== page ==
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I want to sort a Java TreeMap based on some attribute of value. To be specific, I want to sort a TreeMap<Integer, Hashset<Integer>> based on the size of Hashset<Integer>. To achieve this, I have done the following:

A Comparator class:

private static class ValueComparer implements Comparator<Integer> {
    private Map<Integer, HashSet<Integer>>  map = null;
    public ValueComparer (Map<Integer, HashSet<Integer>> map){
        super();
        this.map = map;
    }

@Override
    public int compare(Integer o1, Integer o2) {
        HashSet<Integer> h1 = map.get(o1);
        HashSet<Integer> h2 = map.get(o2);

        int compare = h2.size().compareTo(h1.size());

        if (compare == 0 && o1!=o2){
            return -1;
        }
        else {
            return compare;
        }
    }
}

A usage example:

TreeMap<Integer, HashSet<Integer>> originalMap = new TreeMap<Integer, HashSet<Integer>>();

//load keys and values into map

ValueComparer comp = new ValueComparer(originalMap);
TreeMap<Integer, HashSet<Integer>> sortedMap = new TreeMap<Integer, HashSet<Integer>>(comp);
sortedMap.putAll(originalMap);

The problem:

This doesn't work when originalMap contains more than 2 values of the same size. For other cases, it works alright. When more than two values in the map are of same size, the third value in the new sorted-map is null and throws NullPointerException when I try to access it.

I can't figure out what the problem is. Woule be nice if someone could point out.

Update: Here's an example that works when two values have the same size: http://ideone.com/iFD9c In the above example, if you uncomment lines 52-54, this code will fail- that's what my problem is.

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We need to know what you expect when 2 or more values have the same size (which, as I understand, is used as the key in the new map). Are you aware of the properties of a Map, i.e. that the keys need to be unique? –  Ingo Oct 6 '11 at 10:37
    
Yes, I'm aware of it. Nothing is done to the keys- they remain unique and the above works perfectly when less than 3 values have the same size. I do not have any preference with the sort order for multiple values with the same size- but they could as well be sorted by the key instead. –  jjossarin Oct 6 '11 at 10:52
    
I am afraid you don't know what is going on here - the term "sorted map" is not properly defined. A map is a data structure to store key/value pairs (where the key is unique) and to lookup values fast. You're not supposed to know anything about implementation details, therefore you cannot even say what the difference between a map and a sorted map should be. What can you do with a sorted map that you can't do with an unsorted one? –  Ingo Oct 6 '11 at 11:00
    
I edited the question replacing SortedMap with TreeMap. Does that solve it now? An unsorted stores its members in no particular order while a sortedmap stores them in some defined order- if I understand it correctly. –  jjossarin Oct 6 '11 at 11:05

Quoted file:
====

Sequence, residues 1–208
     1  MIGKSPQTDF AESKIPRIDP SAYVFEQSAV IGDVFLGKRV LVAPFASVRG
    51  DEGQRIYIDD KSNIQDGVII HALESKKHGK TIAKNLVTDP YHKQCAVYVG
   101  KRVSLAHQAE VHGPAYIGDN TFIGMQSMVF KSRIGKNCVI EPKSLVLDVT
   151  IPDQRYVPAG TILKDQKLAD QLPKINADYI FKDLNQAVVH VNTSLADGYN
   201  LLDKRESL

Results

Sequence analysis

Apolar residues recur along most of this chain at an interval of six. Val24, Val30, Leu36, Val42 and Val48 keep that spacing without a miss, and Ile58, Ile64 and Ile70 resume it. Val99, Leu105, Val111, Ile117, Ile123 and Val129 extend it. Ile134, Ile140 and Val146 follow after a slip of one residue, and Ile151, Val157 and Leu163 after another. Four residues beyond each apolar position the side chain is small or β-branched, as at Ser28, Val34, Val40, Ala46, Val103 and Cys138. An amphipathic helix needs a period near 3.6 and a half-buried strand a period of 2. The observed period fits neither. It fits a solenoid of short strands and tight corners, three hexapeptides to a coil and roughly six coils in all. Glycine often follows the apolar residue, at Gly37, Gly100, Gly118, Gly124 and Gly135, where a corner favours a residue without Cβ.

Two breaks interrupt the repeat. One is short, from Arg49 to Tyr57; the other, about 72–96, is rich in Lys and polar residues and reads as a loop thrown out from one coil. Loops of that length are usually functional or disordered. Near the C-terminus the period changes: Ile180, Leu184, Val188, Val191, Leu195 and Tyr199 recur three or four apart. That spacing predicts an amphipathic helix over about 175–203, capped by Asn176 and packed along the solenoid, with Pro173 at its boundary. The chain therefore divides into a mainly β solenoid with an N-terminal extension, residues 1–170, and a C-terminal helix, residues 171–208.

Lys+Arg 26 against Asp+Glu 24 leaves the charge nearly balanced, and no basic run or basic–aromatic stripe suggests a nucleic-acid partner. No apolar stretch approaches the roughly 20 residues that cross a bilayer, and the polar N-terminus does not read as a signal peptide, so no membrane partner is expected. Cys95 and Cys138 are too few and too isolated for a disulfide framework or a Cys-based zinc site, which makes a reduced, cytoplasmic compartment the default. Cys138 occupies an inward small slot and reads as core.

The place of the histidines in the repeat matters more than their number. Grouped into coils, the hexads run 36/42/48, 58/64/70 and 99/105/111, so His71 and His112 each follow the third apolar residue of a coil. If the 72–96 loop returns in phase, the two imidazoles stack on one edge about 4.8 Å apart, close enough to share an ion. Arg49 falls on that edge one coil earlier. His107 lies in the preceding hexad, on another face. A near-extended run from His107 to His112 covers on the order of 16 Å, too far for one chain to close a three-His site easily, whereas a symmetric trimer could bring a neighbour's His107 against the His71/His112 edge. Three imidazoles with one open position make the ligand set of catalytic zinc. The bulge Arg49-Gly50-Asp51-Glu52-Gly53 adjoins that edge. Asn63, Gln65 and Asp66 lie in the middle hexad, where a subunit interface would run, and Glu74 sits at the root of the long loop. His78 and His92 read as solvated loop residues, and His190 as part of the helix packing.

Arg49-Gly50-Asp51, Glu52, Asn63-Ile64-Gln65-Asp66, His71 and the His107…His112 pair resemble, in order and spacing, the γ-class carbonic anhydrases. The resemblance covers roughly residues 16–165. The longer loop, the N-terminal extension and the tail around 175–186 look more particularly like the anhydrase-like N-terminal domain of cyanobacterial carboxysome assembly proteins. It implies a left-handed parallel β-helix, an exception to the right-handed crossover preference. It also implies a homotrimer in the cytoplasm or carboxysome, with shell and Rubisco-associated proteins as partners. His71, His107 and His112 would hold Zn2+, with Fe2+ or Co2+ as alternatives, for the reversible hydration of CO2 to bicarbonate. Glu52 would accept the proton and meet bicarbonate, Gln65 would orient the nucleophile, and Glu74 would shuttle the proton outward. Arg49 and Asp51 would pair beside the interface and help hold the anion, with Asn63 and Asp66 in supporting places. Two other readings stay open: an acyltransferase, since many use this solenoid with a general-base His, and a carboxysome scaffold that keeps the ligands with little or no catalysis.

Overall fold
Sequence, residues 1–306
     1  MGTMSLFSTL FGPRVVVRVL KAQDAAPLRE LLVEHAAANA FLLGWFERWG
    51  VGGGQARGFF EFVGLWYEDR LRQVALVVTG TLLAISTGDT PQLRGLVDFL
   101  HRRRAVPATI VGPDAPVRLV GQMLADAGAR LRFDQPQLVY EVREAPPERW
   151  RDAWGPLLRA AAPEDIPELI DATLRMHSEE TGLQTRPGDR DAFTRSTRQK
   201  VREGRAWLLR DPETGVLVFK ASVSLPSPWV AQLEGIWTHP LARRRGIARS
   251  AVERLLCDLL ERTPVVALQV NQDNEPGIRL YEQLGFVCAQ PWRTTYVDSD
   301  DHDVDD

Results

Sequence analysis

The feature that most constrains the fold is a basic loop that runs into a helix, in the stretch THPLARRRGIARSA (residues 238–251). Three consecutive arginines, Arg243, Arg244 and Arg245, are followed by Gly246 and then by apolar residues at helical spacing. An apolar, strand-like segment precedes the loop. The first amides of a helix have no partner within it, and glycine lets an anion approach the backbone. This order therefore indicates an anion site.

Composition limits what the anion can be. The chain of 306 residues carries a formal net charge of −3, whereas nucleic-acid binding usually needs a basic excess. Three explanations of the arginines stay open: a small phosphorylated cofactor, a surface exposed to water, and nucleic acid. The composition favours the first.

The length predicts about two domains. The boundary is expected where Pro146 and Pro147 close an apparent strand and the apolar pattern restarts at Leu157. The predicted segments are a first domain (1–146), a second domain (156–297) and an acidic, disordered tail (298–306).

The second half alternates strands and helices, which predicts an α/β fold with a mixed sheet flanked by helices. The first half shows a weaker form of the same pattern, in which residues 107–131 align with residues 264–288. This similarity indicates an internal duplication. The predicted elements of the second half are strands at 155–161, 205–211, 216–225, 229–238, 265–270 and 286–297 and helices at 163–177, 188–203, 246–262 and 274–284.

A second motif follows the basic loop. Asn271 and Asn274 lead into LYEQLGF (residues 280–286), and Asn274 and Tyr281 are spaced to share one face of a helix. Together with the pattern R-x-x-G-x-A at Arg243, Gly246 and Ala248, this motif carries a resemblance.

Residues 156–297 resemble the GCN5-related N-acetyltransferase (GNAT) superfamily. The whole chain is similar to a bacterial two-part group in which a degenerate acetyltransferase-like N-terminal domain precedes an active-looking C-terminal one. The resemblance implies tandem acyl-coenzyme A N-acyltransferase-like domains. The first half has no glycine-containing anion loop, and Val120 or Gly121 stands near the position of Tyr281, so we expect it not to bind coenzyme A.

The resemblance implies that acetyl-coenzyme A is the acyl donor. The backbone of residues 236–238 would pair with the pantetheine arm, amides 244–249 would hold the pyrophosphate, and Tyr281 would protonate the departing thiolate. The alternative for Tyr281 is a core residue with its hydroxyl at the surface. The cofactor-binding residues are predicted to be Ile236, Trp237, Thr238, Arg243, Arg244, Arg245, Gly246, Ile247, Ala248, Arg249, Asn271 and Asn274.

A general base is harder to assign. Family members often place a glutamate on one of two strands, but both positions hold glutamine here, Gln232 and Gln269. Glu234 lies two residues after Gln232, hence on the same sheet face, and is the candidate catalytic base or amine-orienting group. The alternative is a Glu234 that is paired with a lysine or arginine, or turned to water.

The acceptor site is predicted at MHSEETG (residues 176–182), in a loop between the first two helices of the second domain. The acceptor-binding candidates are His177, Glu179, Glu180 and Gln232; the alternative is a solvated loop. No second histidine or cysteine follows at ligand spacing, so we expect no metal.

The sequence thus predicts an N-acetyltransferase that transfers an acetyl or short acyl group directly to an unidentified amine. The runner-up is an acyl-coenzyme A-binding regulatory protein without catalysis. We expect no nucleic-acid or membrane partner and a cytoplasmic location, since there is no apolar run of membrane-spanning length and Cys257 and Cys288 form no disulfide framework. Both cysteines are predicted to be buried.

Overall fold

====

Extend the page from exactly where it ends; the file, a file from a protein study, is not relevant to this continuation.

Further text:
I'm afraid you do not - a Map alwasy stores its members in a particular order, namely in a order that allows fast inserts and lookups. If you need to sort data, use Lists or Arrays - a Map is not well suited for that (except that you may be able to get the values in key order). –  Ingo Oct 6 '11 at 11:21

6 Answers 6

up vote 6 down vote accepted

Update: You cannot return -1 from ValueComparator just because you want to avoid duplicate keys to not be removed. Check the contract of Comparator.compare.


When you pass a Comparator to TreeMap you compute a ("new") place to put the entry. No (computed) key can exist more than once in a TreeMap.


If you want to sort the orginalMap by size of the value you can do as follows:

public static void main(String[] args) throws Exception {

    TreeMap<Integer, HashSet<Integer>> originalMap = 
        new TreeMap<Integer, HashSet<Integer>>();

    originalMap.put(0, new HashSet<Integer>() {{ add(6); add(7); }});
    originalMap.put(1, new HashSet<Integer>() {{ add(6); }});
    originalMap.put(2, new HashSet<Integer>() {{ add(9); add(8); }});


    ArrayList<Map.Entry<Integer, HashSet<Integer>>> list = 
        new ArrayList<Map.Entry<Integer, HashSet<Integer>>>();
    list.addAll(originalMap.entrySet());

    Collections.sort(list, new Comparator<Map.Entry<Integer,HashSet<Integer>>>(){
        public int compare(Map.Entry<Integer, HashSet<Integer>> o1,
                           Map.Entry<Integer, HashSet<Integer>> o2) {

            Integer size1 = (Integer) o1.getValue().size();
            Integer size2 = (Integer) o2.getValue().size();
            return size2.compareTo(size1);
        }
    });

    System.out.println(list);
}
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Thanks a ton- your solution works great :) May I still ask why my method doesn't work (I'm interested to learn). If some change in my implementation would fix it, then it would be nice to use a Map instead of List to contain the sorted result. –  jjossarin Oct 6 '11 at 11:07